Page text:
You’re high, holding hands, in an unfamiliar living room. A flash of light, your arms are bruised and there’s glitter on your eyelids because you’re a cliché... but you’re also the first and the last person that has stood here, on some sort of precipice. A sense of pride and fear considering the amalgamation of moments and influences that brought you here, and they’re playing back all of a sudden, at 60 frames per second, with a soundtrack to boot.
To anticipate a loss before it has occurred is a destabilising feeling; there is the impulse to mourn a time, place, feeling and friendship you haven’t fully realised, and at the same time, an impulse to refuse that loss by capturing these moments at the instant of their constant disappearance.
Emmanuel’s collage works and pencil drawings feel like that anticipation: adorning a suit of armour to face the ephemeral, pulsing ambience. Looking into the whirlpool and attempting to pause it, creating an artefact of a disparate and communal history.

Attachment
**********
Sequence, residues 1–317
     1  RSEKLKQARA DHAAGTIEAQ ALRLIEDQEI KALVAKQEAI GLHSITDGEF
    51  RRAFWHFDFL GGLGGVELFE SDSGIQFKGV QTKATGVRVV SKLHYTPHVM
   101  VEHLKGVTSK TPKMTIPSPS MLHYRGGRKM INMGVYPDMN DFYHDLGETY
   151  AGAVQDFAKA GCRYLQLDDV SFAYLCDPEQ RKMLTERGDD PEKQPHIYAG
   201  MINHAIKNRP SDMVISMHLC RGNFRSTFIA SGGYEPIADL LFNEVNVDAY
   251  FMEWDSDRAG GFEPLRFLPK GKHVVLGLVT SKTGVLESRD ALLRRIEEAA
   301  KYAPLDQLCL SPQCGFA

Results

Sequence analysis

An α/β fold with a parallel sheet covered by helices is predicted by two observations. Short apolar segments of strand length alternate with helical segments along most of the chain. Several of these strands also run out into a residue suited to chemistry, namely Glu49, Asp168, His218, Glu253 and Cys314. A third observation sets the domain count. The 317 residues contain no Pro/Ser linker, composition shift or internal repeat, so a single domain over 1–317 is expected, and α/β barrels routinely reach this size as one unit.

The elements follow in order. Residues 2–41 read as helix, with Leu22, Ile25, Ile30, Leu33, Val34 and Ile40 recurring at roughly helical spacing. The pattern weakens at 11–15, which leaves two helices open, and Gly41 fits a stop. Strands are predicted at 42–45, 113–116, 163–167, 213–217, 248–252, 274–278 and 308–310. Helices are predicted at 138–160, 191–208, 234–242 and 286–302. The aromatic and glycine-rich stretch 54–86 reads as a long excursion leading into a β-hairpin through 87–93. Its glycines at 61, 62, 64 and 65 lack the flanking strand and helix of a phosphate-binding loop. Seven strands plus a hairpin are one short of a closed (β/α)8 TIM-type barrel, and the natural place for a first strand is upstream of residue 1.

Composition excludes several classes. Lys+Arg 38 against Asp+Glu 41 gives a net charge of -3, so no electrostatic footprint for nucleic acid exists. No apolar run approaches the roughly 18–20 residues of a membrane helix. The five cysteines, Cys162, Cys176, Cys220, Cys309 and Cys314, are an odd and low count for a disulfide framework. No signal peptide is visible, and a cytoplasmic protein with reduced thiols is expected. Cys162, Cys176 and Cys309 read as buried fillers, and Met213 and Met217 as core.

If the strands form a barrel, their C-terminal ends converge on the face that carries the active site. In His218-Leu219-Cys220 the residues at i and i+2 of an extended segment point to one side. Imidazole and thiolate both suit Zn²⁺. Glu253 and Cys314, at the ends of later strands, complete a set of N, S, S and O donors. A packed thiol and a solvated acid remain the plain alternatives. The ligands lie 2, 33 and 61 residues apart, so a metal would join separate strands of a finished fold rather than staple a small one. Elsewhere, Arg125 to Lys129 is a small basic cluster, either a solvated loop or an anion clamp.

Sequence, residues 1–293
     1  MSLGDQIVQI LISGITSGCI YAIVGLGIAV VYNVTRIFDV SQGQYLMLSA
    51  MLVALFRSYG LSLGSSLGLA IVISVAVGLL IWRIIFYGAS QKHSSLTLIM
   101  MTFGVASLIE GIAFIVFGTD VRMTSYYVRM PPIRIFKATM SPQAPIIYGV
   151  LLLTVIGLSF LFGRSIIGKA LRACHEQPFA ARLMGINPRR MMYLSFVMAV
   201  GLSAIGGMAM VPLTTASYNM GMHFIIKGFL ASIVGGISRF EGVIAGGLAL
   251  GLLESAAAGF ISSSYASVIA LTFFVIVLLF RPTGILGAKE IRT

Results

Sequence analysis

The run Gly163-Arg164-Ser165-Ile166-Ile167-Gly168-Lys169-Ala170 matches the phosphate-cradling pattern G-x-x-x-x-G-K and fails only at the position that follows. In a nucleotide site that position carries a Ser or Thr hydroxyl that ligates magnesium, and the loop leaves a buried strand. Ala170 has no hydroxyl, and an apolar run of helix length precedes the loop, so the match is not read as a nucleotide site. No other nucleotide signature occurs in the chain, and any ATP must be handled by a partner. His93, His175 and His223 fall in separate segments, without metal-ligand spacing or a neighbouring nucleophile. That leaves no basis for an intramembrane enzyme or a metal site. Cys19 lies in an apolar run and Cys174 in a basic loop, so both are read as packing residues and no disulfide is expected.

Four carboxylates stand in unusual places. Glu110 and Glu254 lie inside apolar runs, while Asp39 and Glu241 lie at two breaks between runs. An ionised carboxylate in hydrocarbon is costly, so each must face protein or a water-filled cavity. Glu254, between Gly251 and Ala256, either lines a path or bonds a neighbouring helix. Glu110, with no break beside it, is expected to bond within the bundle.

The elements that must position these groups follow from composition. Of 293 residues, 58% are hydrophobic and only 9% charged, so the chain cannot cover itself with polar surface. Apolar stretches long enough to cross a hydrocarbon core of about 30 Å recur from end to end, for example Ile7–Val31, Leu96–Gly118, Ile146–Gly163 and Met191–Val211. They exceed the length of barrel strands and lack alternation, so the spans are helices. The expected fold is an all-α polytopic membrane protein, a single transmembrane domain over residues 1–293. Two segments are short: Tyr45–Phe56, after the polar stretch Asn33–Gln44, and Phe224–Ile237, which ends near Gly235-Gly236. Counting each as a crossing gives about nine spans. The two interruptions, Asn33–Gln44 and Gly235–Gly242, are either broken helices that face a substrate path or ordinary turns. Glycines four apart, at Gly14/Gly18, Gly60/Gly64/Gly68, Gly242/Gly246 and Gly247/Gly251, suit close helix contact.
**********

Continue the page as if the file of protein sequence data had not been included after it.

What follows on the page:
The nods to a stream of pop culture, and understood aesthetic sensibility leave us to consider how we construct our identities online and in late capitalism: by collaging bits and pieces of our cultural landscape to cohere a self.
The increasingly rapid rate at which culture and images are distributed and consumed requires a correlating acceleration in the rate that we assume and discard identities. Being hooked up to the pop culture matrix often feels like the agitated buffering of a putlocker stream, in which we are subject to a hyper-emotional sensitivity, and an inability to synthesise time into any unified and logical narrative.
Slices of a common experience, uncannily preserved, yet spinning and liquid. Staring back at this vast collective memory of intersecting fragments, supplying meaning where you’d initially only seen circumstance; it’s beautiful and it’s disappearing.
Text by Millie Dow